Not many people have probably heard of Berwick upon Tweed.
While on a train ride to Edinburgh just over a year ago, I spotted this sleepy village right on the Northumberland coast between England and Scotland. The town had hinted me for a journey, but there wasn’t time then. This time I’m glad there was.
Berwick isn’t going to score high on any tourists’ list, but the peace of the town had on us the effect of a calming break, particularly pronounced considering we travelled from Olympics-mad London. As an admirer of magnificent bridges, of which the town had 3 impressive ones arching over the Tweed river, there were also enough opportunities to work my camera a bit.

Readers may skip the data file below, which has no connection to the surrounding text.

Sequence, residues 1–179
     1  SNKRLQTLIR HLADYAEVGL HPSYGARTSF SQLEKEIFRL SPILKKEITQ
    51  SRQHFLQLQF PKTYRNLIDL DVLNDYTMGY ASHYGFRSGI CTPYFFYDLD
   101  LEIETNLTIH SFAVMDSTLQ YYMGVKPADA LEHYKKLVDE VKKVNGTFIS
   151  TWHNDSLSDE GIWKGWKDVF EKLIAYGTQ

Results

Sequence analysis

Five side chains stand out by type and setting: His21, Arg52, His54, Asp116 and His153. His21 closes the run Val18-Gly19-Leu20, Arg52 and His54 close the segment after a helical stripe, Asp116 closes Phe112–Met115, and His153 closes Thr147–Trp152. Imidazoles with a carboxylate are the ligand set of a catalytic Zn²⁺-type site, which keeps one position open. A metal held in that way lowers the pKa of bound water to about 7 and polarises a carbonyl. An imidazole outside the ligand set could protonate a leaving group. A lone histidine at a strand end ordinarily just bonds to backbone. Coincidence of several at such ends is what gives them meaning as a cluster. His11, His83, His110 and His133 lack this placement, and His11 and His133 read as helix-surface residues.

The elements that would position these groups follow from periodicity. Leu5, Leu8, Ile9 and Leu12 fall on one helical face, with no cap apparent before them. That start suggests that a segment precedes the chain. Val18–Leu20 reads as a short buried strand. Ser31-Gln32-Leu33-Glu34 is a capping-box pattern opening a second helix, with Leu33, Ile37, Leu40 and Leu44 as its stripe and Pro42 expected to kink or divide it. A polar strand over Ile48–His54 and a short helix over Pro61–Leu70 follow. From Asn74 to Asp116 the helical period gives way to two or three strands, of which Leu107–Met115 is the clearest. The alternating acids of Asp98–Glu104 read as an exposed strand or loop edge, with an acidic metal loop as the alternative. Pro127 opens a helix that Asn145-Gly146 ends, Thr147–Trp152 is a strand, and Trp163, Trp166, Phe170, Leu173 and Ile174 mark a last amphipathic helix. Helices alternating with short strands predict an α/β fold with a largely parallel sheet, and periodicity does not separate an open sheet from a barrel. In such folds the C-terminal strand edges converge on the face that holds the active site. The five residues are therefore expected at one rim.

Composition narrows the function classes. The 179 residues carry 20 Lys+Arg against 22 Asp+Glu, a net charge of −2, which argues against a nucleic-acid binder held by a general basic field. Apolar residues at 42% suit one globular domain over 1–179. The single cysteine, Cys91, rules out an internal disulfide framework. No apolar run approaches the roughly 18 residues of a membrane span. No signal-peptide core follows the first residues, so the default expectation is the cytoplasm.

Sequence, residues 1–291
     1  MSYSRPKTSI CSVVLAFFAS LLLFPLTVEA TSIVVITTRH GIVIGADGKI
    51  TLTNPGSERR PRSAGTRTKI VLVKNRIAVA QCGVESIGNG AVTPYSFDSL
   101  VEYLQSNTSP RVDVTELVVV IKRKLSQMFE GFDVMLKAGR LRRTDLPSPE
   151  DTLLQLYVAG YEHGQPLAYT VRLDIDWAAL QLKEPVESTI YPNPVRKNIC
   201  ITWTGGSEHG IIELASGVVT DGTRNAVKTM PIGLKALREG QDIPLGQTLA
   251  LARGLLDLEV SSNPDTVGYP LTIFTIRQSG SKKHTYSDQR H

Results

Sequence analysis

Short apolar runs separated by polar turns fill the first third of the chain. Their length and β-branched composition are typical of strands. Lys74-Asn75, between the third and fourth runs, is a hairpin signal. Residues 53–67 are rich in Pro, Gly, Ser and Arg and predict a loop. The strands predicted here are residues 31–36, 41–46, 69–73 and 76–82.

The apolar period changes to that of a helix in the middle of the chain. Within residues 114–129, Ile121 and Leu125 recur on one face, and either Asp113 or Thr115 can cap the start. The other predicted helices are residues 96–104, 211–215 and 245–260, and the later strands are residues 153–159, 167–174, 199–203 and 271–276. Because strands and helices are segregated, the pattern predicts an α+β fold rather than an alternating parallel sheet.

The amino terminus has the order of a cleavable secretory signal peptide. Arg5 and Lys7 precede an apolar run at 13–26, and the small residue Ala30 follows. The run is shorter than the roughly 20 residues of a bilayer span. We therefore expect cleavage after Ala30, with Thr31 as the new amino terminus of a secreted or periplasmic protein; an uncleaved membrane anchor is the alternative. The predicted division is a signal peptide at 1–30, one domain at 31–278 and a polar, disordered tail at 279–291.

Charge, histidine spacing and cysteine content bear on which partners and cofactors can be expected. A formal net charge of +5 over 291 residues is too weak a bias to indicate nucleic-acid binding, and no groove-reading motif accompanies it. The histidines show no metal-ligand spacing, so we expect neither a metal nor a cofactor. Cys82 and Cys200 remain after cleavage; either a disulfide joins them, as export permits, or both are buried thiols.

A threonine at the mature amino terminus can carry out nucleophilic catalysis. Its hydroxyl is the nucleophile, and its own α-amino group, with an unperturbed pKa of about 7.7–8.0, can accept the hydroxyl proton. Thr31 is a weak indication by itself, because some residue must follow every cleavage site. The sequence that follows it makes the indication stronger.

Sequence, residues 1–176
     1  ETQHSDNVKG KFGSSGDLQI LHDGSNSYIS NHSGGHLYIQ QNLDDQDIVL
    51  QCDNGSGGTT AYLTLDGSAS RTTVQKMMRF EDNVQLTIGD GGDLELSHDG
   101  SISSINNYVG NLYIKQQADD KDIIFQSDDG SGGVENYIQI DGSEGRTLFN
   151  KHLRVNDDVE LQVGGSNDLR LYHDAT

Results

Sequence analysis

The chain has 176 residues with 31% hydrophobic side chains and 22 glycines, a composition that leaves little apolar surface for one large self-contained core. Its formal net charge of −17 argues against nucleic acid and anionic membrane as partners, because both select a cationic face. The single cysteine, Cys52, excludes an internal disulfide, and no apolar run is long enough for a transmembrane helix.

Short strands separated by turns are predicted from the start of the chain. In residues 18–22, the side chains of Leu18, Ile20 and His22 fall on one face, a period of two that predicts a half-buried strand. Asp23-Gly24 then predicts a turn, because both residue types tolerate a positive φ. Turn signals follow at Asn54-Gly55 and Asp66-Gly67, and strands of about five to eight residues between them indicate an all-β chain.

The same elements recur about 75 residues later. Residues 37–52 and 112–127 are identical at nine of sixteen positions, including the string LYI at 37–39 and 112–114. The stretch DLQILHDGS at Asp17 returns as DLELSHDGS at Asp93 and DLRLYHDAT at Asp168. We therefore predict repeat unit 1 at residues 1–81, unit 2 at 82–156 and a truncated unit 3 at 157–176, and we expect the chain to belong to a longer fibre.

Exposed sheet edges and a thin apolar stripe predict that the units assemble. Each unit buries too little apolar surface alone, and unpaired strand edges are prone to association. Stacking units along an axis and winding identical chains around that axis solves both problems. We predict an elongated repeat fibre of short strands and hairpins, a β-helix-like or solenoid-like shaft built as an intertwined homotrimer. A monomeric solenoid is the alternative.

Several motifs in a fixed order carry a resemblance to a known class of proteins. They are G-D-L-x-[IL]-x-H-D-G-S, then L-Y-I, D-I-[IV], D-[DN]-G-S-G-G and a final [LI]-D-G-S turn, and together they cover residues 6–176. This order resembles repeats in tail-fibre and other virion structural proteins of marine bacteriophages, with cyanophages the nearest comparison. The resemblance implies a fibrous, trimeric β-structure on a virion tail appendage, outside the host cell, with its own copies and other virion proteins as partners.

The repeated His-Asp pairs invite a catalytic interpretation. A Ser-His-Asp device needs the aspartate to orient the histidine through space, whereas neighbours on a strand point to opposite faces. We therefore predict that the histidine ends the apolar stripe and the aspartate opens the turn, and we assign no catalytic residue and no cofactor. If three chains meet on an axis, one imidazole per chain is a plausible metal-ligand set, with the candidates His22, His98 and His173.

As one of England’s most Northern towns, Berwick had a turbulent history, changing hands frequently during the country’s many wars with its Scottish neighbour. Contrast this to the love story the famous British painter L S Lowry had with the town, its beautiful backdrops forming the inspiration of his many works.
While waiting at the queue in one of its charming local restaurants for breakfast, a fellow guest pointed out the English and Scottish flags on display side by side. “Oh we prefer to stay neutral!” chuckled the old lady by the till, her Scottish accent rather betraying.